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    I live in Virginia. I am basically looking for chickens that would be good for a survivalist/ prepper. Free range to cut down feed cost, produce eggs and meat, reproduce on their own. That is what lead me to dark Cornish. I would have chosen buff orpingtons but that aren't as good for free range. I guess it would be helpful to know what the average dress out size of DP breeds is? Most sources say what until 16-20 weeks but I didn't get a size. Freedom rangers seem good but they don't reproduce on their own
     
  6. familyfarm1

    familyfarm1 Overrun With Chickens

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    I live in VA to and the breeds I said have all worked great for me! I agree with lazy gardener about EEs. And I forgot to add to the list that Barred Rocks are great DP breeds!
    All of the breeds I have mentioned I have owned and LOVED them.
     
  7. Egghead_Jr

    Egghead_Jr Overrun With Chickens

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    I don't hear of DP birds dressing out 6 lbs at 16 weeks. Between 4 and 5 lbs dressed weight is more like it. I like to cull extra cockerels at 12 weeks and get 3- 3+ lbs. Many DP birds like Orpington, Plymouth Rock have live cockerel live wieght of 8 lbs at 20+ weeks. But then if you rely on them foraging and limit feed they'll be smaller.

    On the note of good foragers, a healthy DP bird will forage well. Active birds are foraging all the time. Why I don't understand peoples desire for Polish and Silkies type birds but to each their own.

    I live in America and whenever anyone asks which breed of DP bird is best I remind them of the American classic- Plymouth Rock of course.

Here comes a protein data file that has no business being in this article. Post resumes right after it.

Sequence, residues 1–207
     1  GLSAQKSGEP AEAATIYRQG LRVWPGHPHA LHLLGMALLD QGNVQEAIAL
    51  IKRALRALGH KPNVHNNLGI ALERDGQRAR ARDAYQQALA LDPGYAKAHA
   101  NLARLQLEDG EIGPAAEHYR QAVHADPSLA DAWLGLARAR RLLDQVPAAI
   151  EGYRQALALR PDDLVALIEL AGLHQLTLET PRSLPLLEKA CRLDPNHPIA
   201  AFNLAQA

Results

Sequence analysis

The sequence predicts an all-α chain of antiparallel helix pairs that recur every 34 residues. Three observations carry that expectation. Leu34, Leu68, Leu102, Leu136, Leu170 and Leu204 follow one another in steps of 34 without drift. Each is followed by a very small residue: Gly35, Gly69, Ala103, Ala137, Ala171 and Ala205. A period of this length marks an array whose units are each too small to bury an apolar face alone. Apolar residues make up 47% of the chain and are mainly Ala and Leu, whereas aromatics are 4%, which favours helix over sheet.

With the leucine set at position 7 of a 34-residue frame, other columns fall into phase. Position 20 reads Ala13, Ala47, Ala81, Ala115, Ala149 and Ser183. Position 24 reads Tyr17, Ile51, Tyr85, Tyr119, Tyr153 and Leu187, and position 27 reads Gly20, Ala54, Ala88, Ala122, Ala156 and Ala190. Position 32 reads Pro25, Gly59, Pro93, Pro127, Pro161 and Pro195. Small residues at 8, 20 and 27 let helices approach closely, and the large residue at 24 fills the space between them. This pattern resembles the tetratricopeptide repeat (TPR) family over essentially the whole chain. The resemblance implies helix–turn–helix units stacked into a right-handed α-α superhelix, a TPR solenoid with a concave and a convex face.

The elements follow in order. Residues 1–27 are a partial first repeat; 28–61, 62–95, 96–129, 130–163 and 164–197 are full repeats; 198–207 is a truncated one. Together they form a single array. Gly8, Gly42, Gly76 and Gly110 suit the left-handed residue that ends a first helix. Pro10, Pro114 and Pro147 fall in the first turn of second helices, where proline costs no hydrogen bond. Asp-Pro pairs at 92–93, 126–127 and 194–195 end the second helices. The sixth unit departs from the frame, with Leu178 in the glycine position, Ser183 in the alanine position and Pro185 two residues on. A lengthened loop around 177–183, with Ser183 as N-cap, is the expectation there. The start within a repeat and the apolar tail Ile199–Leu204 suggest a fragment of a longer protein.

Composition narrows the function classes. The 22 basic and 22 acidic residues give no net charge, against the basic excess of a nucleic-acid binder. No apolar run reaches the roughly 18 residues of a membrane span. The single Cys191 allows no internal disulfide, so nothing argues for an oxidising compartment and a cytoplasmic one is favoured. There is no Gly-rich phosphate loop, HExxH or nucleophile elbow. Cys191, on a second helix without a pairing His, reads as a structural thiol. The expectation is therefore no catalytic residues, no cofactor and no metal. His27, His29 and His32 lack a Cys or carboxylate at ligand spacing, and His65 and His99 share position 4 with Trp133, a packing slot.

When Plymouth Rock hit the world venue they turned a lot of heads and were the reason England invented Opringtons. Trying to get a DP bird that could compete with our Rocks. Orpingtons went to Austrailia to become even better utility and evolved to the Australorp. Today's Australorps are not the same as their heyday. I'd stick with the American icon. Best performing Plymouth Rock today is the White hands down.
     
    Last edited: Feb 8, 2015
  8. dfr1973

    dfr1973 Chillin' With My Peeps Premium Member

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    Dark Cornish aren't renown for their laying. Plymouth Rocks are usually quick-growing, lay decent, and flesh out ... but I would not free range any breed of solid white bird. My suggestion on the meat side is to look into caponizing.
     
  9. lazy gardener

    lazy gardener True BYC Addict

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    From the pics and info posted by Aussie Pete, it seems that most of the birds from Down Under are superior in form to their American counterparts. Our Australorpes look like banties compared to the Australian ones.
     
  10. Sidhe13

    Sidhe13 Chillin' With My Peeps

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    I have 2 Australorp hens and 2 Isa Brown hens, my rooster is an unknown breed but he is a big boy from a farm than puts their excess in the freezer. So when the time comes I am expecting to do the same. I get 4 eggs a day religiously, though sometimes we have an afternoon layer, an no brooding yet. I was raising a few Silkies for brooding but a fox got them a couple weeks ago.